Labour Markets, Welfare, and the Personal Scope of Employment Law

Posted: 29 Feb 2008

See all articles by Paul L. Davies

Paul L. Davies

University of Oxford- Faculty of Law; European Corporate Governance Institute (ECGI)

Mark R. Freedland

University of Oxford - Faculty of Law

Abstract

The issues which confront those concerned with employment law, about the types of workers to whom employment laws apply, are highly relevant to the subject of labour markets and welfare. The formulation and application of the personal categories of employment law is or involves a welfare allocation, often seen as a trade-off between welfare and efficiency. This article describe the basic legal framework for determining the personal scope of employment law in the UK, considers some recent adaptations to that framework, engages in comparison with some continental European legal systems, examines empirical evidence about the working of the personal categories of employment law, describes the debate within the ILO about employment status and `contract labour`, canvasses some ideas about the growth of complex work relationships, and concludes by assessing a remaining task of further refinement of theory in this area.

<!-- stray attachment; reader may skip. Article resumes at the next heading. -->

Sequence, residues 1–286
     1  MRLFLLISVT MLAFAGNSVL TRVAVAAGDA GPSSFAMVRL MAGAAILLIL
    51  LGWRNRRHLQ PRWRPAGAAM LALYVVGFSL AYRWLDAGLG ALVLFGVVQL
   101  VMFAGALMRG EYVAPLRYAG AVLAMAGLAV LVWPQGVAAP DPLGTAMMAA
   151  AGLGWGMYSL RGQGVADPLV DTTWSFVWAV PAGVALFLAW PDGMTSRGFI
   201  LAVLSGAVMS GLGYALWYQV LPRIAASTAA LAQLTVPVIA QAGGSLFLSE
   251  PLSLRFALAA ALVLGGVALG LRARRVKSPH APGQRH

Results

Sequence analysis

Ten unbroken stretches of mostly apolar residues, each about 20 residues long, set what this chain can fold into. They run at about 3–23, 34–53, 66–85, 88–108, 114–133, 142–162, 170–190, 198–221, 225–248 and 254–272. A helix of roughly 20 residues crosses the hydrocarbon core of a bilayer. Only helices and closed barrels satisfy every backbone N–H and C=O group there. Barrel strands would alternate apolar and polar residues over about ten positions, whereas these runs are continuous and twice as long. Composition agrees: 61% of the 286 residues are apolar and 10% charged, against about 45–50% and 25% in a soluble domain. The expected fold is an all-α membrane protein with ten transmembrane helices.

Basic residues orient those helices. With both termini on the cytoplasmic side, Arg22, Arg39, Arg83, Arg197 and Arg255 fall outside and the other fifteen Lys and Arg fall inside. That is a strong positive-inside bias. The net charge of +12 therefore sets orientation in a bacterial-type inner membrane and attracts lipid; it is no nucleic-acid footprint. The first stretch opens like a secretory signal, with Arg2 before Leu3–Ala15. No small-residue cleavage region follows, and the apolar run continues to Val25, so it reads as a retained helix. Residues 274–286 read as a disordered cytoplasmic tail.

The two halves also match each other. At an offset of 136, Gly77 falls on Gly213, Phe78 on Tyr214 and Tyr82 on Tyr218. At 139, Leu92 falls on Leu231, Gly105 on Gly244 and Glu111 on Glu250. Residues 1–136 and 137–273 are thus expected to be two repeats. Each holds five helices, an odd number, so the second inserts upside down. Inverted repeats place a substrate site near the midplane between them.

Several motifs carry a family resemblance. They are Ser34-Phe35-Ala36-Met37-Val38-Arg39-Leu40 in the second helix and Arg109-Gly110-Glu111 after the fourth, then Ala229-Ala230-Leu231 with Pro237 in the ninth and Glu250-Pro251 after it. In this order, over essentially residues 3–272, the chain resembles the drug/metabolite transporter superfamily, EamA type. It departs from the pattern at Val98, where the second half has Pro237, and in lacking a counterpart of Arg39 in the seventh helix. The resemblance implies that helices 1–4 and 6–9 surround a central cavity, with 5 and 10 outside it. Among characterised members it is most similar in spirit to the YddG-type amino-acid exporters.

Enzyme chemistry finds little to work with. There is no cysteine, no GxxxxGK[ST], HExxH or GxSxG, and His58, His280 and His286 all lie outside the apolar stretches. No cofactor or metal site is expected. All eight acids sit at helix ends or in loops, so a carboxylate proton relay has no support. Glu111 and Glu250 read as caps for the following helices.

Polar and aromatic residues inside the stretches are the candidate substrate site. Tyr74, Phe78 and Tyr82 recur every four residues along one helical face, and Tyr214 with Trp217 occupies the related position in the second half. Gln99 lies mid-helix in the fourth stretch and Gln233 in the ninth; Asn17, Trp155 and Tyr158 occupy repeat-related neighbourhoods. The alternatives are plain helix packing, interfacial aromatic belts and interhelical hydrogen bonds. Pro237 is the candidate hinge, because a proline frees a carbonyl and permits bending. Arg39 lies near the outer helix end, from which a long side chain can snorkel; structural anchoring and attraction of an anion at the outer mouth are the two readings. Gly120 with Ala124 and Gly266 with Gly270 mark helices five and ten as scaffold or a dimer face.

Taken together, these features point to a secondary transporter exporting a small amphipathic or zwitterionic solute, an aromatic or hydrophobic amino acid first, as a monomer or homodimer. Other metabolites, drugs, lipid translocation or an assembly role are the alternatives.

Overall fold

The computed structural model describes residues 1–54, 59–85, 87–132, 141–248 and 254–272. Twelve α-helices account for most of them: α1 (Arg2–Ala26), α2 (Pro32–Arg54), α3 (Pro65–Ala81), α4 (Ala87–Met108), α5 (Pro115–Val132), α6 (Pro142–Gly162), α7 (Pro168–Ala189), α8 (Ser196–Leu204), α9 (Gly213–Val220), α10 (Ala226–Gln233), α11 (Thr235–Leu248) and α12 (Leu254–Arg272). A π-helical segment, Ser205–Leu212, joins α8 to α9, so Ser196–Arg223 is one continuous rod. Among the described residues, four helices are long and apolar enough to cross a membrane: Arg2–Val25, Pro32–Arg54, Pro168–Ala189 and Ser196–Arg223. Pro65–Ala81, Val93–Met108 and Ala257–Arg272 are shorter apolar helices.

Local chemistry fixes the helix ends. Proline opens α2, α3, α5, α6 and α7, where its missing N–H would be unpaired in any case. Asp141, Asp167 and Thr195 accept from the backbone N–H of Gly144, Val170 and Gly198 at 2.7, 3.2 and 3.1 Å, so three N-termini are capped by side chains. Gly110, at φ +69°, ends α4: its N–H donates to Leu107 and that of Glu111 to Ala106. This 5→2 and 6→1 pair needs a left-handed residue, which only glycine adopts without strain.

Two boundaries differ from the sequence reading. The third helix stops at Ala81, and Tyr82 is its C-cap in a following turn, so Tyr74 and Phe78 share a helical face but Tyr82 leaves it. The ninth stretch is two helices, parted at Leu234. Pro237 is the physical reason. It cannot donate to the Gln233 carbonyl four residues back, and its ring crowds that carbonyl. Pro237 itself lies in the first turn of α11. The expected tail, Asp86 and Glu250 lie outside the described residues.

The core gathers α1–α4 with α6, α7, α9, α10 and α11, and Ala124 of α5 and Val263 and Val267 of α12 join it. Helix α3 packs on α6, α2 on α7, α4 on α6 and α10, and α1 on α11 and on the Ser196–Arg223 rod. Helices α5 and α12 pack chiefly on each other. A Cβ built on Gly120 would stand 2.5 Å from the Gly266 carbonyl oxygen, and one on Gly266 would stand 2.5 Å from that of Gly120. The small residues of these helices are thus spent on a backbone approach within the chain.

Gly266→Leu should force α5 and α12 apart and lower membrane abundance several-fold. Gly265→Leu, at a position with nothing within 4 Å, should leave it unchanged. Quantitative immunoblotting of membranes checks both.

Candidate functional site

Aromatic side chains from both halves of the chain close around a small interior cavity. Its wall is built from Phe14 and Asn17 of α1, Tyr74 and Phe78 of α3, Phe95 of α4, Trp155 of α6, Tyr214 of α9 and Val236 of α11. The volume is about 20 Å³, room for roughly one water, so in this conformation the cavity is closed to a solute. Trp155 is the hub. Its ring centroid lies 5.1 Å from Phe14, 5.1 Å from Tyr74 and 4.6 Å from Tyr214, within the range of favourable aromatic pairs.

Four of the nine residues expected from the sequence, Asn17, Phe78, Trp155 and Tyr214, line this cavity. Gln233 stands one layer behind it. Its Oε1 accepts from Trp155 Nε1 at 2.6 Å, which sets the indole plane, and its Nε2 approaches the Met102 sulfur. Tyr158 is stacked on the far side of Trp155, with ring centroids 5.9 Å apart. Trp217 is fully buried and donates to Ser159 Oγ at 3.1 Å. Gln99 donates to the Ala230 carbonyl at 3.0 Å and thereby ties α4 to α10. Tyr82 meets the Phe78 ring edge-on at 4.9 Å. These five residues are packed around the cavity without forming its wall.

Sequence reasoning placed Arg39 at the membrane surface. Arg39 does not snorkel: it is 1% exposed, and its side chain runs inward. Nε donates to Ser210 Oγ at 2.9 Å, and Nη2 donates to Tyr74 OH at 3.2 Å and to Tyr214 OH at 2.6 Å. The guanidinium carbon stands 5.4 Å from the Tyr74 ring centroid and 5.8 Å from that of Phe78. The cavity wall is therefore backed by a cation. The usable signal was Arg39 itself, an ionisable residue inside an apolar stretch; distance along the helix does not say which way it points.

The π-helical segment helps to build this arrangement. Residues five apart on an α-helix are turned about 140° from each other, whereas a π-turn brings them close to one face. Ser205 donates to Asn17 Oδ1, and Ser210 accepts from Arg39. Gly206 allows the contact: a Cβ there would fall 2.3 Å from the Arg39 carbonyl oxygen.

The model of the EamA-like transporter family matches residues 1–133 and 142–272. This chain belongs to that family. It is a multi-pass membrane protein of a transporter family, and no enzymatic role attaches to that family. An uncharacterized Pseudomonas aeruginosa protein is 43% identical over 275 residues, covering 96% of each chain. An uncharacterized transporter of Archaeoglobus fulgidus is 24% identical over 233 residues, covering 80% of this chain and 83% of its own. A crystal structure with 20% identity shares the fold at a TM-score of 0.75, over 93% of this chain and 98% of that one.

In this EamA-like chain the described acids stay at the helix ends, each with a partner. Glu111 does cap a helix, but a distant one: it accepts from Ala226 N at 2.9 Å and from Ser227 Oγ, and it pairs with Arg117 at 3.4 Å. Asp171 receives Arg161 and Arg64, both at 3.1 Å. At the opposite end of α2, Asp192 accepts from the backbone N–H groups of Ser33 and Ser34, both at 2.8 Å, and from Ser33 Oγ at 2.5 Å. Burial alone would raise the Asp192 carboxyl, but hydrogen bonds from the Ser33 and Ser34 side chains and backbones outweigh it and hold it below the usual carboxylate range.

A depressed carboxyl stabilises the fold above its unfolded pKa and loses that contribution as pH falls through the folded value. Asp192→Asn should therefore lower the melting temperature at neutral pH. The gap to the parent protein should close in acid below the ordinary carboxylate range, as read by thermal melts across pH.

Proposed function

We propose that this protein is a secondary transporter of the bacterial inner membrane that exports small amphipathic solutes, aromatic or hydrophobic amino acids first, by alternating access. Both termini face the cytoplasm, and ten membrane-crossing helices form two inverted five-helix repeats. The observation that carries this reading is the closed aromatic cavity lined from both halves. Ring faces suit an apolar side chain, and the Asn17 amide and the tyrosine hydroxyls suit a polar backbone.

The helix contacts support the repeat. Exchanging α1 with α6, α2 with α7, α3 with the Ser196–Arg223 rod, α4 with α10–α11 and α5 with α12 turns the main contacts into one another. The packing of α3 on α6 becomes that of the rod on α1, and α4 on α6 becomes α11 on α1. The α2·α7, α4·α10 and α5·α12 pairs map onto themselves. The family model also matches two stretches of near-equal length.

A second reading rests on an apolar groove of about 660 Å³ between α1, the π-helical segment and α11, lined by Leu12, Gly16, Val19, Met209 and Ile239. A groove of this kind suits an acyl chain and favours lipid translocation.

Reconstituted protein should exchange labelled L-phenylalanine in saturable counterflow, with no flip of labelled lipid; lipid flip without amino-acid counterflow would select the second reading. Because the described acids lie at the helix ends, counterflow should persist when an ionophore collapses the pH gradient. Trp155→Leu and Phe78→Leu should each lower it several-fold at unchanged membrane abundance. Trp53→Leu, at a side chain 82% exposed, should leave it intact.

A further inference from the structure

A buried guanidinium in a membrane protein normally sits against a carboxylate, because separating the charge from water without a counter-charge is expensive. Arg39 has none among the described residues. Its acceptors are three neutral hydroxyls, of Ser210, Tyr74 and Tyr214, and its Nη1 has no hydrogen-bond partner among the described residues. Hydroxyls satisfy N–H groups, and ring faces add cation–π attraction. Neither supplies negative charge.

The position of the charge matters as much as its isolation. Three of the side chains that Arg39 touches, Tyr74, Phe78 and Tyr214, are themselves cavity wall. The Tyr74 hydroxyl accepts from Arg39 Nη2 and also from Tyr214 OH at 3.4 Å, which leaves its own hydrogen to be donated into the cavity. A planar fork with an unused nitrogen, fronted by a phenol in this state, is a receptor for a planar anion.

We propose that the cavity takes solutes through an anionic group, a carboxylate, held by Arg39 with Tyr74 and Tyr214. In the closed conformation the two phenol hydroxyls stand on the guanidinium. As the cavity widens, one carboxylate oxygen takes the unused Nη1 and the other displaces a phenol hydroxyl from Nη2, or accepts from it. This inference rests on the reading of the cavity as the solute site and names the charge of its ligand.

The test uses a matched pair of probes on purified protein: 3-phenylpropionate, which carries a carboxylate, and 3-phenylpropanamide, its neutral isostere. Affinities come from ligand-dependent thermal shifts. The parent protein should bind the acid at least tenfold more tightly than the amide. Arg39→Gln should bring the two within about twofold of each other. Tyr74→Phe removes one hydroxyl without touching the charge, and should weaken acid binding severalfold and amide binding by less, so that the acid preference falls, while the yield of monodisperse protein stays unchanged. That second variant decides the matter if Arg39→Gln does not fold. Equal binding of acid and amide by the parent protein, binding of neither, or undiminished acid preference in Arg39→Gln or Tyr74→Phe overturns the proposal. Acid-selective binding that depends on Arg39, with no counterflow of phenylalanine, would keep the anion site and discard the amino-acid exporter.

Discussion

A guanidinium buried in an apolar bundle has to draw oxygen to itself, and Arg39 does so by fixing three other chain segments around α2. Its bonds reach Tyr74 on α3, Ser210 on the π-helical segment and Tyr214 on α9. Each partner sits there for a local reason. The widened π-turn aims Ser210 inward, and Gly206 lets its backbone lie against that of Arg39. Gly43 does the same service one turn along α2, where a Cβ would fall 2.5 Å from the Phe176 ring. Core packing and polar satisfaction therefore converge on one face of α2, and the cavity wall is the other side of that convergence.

Suggested Citation

Davies, Paul L. and Freedland, Mark R., Labour Markets, Welfare, and the Personal Scope of Employment Law. Oxford Review of Economic Policy, Vol. 16, Issue 1, pp. 84-94, 2000. Available at SSRN: https://ssrn.com/abstract=906190

Paul L. Davies (Contact Author)

University of Oxford- Faculty of Law ( email )

Harris Manchester College
Oxford, OX1 3TD
United Kingdom

European Corporate Governance Institute (ECGI)

c/o the Royal Academies of Belgium
Rue Ducale 1 Hertogsstraat
1000 Brussels
Belgium

HOME PAGE: http://www.ecgi.org

Mark R. Freedland

University of Oxford - Faculty of Law ( email )

St. Cross Building
St. Cross Road
Oxford, OX1 3UJ
United Kingdom

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